Stopping By Woods On A Snowy Evening
by Robert Frost
Whose woods these are I think I know.
His house is in the village though;
He will not see me stopping here
To watch his woods fill up with snow.
My little horse must think it queer
To stop without a farmhouse near
Between the woods and frozen lake
The darkest evening of the year.
He gives his harness bells a shake
To ask if there is some mistake.
The only other sound's the sweep
Of easy wind and downy flake.
The woods are lovely, dark and deep.
But I have promises to keep,
And miles to go before I sleep,
And miles to go before I sleep
Questions for Review
1. What's the possible theme of the poem?
2. What are the rhythm and the rhyme scheme?
3. What's the tone of the poem and how is it established?
4. What's the function of the repetition in the last two lines?
With very few words, Frost here creates a sense of brooding mystery as the speaker stops his horse in a desolate landscape between woods and frozen lake. The attraction of the woods is their darkness, the intimation they offer of losing oneself in them. The speaker gazes into them with a kind of wishfulness, while his horse shakes his bells, reminder to get on with the business of living. The repetition in the last two lines denotes a literal recognition that the speaker must move on and connotes that there is much to be done before life ends. His experience of gazing into the woods is just "a momentary stay against confusion" (Frost's words) that sends the speaker back to life with a sense of renewal.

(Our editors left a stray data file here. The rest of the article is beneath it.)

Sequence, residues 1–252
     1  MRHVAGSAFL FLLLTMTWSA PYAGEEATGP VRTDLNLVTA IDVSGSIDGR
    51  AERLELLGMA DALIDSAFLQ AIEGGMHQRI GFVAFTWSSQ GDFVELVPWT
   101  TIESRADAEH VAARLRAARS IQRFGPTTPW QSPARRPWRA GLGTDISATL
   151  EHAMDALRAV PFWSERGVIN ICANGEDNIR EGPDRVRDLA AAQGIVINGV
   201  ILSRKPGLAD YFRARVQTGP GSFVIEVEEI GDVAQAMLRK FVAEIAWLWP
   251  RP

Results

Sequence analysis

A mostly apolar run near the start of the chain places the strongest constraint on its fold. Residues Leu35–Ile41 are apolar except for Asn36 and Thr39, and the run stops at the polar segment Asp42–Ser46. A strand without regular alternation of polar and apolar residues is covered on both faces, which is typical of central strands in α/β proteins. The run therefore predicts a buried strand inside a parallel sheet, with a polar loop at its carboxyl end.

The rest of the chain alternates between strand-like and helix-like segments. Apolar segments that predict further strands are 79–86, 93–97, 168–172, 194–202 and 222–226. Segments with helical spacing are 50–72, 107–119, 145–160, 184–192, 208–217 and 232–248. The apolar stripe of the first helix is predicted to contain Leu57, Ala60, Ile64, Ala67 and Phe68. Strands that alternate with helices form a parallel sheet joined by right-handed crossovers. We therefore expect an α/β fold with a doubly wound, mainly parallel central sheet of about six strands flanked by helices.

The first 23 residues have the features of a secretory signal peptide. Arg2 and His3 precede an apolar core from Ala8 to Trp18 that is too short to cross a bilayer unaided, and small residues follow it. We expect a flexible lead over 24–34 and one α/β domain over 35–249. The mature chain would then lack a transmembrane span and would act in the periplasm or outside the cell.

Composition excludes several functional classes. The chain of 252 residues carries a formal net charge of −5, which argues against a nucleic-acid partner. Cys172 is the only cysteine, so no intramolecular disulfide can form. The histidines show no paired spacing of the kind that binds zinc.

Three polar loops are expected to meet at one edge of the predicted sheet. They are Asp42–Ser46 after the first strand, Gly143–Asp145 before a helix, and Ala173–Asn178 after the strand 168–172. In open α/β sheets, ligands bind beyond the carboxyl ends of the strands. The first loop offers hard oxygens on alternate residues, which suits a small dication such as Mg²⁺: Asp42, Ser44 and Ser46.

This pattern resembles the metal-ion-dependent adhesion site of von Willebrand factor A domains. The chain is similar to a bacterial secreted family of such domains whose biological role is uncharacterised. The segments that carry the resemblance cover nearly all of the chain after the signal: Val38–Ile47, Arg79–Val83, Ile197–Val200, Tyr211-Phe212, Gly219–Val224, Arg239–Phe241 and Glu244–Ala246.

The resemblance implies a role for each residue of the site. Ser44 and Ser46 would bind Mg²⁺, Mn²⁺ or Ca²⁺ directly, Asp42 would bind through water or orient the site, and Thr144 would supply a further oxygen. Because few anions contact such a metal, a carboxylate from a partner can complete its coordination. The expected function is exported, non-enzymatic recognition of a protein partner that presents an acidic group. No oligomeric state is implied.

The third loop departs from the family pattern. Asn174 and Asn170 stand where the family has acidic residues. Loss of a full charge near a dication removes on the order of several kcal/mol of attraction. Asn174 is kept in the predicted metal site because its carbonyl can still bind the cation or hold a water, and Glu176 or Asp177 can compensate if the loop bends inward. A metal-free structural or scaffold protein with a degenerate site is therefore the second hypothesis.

The rhythm of the poem is rigidly regular (iambic tetrameter), and its rhyme scheme is a complex pattern of interlocking stanzas (aaba/bbcb/ccdc/dddd). Each stanza is a complete sentence, and each sentence follows the structure of colloquial English (with the possible exception of the inversion of subject and object in the first line).
The winter bleakness of the setting (the "Frozen lake", "the gently falling", the "lovely, dark and deep" woods) establishes a lonely tone and the symbolic weight of this brief moment when the speaker is drawn to what the woods represent- death, perhaps, or at least a temporary release from life's wearying round of duties and obligations. The speaker's weariness is wonderfully underscored by "downy flake", a phrase that sets vividly before us the image of snowflake wafting downward.